Jan 1 - Christmas at Sea
Christmas at Sea
So when we last left it we had recently set sail from Rothera and were on our way north. After Deception Island, we had hit ice on the 23rd and we would be in close proximity to this pack for several days. It was this that was preventing us from getting to the planned science area near the South Orkneys, at least in anything that was close to a straight line. We were to follow around the north of it for most of Christmas Eve. This left loads of questions, particularly as to what we would actually be doing for Christmas. No-one knew if those on board would be working hard throughout the night, putting a bit of a dampener on celebrations, or be steaming towards South Georgia, since there was certainly pack ice over the area where we were meant to be doing moorings.
And thus it was that on Christmas morning the ship was waiting in clear water, north of the South Orkneys, still unsure as to whether we would be heading north or south. It was obvious that the planned work in the area was unfeasible, and so what was the alternative plan. It was decided that a revised science schedule of moorings and CTDs (see later) would be appropriate. We thus headed into the ice and towards a possible alternate area. Thus, the crew, initially, having thought that science work might be postponed, were put on to shifts as previously planned, with the work due to start in the late evening or early hours.
Due to the planned work schedule, full Christmas Dinner with all the trimmings had been postponed until after this 24hr science program. A buffet lunch was therefore laid on in the Officers Saloon, with all on board welcome. After this was a matinee showing of Wallace and Gromett on the big screen, with the only interuption being the occasional snore from an Engineer or a Cook. Many were in bed early and so the evening was very quiet with many being woken in the early hours to start work on deck.
Monitoring Weddell Sea Deep Water
On our way from Rothera to the Western Core Box near Bird Island, we diverted to the South Orkneys to deploy some moorings for the Long-Term Monitoring and Survey program. Weddell Sea Deep Water is dense water formed in the Weddell Sea that flows north and is an important component of Antarctic Bottom Water, which in turn flows down to the bottom of most of the World Ocean. A large amount of the Deep Water flows northwards through Orkney Passage, a relatively narrow gap in the Scotia Ridge, east of the South Orkneys, so our goal was to recover a mooring already in Orkney Passage, and then redeploy three new instrument moorings across the western part of the passage to monitor the water passing through. The instruments we were going to use were current meters and various combinations of temperature/conductivity/pressure sensors.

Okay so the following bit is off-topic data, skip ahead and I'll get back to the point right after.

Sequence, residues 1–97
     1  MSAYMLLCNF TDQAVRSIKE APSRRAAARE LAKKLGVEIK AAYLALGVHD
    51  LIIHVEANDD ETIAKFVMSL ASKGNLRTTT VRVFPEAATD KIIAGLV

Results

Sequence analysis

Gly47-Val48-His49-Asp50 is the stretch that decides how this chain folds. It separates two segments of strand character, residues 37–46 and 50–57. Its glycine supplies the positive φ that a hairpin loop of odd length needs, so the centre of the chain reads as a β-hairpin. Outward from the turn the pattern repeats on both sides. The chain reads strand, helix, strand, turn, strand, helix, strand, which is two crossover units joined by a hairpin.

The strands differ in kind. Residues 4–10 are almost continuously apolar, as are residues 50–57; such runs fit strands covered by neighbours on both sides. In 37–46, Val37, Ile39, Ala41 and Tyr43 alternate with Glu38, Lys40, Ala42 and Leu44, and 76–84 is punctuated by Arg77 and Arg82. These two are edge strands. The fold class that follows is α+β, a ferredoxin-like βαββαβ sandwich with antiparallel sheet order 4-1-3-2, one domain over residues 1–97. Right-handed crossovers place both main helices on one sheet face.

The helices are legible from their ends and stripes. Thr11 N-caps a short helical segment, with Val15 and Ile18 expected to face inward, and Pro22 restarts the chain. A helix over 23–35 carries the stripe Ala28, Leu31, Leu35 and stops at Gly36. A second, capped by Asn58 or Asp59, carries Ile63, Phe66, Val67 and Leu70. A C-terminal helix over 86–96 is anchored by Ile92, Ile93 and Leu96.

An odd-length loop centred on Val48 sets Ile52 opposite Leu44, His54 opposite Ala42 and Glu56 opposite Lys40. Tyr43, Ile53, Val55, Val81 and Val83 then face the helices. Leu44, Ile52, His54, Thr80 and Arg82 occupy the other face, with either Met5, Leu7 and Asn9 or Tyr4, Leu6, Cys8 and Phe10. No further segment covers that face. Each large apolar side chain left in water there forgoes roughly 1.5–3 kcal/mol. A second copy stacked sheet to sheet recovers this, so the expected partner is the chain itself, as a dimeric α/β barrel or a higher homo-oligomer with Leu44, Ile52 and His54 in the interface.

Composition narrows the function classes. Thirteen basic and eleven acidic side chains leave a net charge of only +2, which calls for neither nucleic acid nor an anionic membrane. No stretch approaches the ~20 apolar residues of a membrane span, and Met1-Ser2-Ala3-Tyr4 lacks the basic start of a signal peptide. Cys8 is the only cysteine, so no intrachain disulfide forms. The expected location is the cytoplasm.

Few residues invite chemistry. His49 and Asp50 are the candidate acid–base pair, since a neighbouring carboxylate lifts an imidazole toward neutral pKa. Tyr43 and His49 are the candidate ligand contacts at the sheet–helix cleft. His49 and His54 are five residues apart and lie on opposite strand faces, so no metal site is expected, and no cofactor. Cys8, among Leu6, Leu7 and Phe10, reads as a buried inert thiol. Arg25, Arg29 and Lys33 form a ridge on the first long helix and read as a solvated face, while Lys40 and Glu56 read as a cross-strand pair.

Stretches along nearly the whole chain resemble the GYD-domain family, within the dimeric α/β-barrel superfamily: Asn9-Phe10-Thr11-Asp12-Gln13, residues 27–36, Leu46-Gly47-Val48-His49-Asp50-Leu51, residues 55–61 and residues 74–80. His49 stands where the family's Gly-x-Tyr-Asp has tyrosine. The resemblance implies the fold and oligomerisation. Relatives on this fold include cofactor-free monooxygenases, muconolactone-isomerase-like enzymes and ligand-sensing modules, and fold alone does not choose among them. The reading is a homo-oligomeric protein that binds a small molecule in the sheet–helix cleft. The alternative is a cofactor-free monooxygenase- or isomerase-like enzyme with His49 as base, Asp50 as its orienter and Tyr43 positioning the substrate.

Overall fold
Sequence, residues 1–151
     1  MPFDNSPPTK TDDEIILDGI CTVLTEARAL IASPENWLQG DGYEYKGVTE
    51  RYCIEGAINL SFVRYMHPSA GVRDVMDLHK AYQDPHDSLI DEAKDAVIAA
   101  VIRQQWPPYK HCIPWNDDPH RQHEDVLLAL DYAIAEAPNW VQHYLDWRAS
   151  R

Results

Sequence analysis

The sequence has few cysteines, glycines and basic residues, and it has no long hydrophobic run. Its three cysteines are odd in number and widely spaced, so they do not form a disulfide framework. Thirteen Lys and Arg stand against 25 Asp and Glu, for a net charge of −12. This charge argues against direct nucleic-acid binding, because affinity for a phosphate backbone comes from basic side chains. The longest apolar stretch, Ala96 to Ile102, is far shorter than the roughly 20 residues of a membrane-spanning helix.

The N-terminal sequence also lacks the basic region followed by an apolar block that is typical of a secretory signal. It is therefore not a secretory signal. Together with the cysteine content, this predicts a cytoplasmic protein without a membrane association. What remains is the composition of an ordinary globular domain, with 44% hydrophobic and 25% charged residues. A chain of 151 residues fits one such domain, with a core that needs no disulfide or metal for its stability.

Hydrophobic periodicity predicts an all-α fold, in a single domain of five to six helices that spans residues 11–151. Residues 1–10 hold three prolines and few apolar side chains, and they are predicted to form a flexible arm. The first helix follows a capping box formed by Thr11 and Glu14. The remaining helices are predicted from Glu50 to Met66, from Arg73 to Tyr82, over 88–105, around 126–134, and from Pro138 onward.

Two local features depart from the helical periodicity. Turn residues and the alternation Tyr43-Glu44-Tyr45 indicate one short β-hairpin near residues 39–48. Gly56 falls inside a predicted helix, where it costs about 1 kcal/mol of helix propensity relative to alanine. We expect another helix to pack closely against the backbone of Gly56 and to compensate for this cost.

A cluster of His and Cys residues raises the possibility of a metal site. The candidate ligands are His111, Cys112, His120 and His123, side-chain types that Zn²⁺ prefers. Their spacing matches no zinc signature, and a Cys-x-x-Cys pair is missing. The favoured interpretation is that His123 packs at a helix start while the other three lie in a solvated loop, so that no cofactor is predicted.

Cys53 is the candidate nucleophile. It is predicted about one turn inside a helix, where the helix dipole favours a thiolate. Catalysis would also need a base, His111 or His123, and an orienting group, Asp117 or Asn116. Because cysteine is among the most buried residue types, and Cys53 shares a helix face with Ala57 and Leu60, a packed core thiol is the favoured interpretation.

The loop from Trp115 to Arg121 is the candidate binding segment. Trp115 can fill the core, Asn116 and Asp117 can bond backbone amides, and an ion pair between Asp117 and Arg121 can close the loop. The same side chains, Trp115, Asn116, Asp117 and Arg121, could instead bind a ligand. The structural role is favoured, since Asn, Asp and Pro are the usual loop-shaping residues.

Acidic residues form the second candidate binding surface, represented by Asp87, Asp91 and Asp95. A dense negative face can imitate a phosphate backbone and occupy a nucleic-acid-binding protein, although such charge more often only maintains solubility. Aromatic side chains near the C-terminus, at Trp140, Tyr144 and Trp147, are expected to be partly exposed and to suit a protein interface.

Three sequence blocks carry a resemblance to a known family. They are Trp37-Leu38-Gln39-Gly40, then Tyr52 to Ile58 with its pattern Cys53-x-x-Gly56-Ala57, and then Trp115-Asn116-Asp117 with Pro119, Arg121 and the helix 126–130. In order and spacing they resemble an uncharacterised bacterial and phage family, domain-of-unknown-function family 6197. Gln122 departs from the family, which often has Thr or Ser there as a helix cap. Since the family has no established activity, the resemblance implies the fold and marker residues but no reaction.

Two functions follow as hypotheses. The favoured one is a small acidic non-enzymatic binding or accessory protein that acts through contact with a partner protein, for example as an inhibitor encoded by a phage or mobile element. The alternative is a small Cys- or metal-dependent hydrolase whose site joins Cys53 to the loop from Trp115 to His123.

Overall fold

Unfortunately most of the area east of the South Orkneys was full of heavy sea ice, and we were unable to get to Orkney Passage. With only one day of ship time for the project, we did, however, get to the continental slope north of Coronation Island, where we would expect the Deep Water to flow towards the west. After taking a few CTD profiles (conductivity, temperature, depth), we decided to deploy two moorings on the slope; hopefully they will prove useful in monitoring any changes in the properties and outflow of Weddell Sea Deep Water over the next year.
Boxing day was thus dedicated to oceanography and it was to be 27th December that was the more celebratory day on board. Turkey, trimmings, Christmas Pudding and all the added festivities was thus two days late but very much appreciated. After aperitifs, and then full stomachs, everyone retired to the officers saloon for the evening, with all invited. All the catering staff, who would normally always be up before 6am to prepare breakfast were given their one lay in of the season with the next days 'brunch' set for 10am. This allowed a few to let their hair down (those that have it) for the evening, something they can't often do.
At this point we were thus on our way up towards South Georgia for so as to undertake the Western Core Box for the second time this season, hopefully in calmer seas than when we did it last time about a month and a half ago. We arrived to start work on moorings during the afternoon of the 28th, going straight into the attempted recovery of the first in Bird Island Sound, in full view of the base there. Other moorings were recovered during the evening and then it was off to start the core box proper with the usual transects being started early the next morning.
The Western Core Box started off looking like it was going to live up to it's usual reputation. The first few days were certainly a little bit on the rocky side and it was on the morning of the 29th that the previous 'Roll of the Season' Record (obviously from the last Western Core Box) was broken mid breakfast. No-one was injured and nothing was broken but there was certainly very little tea or coffee actually left on the table or in their appropriate vessels afterwards. Hopefully this would all calm down a bit to allow the usual New Year Celebrations to take place on the last evening of the Western Core Box.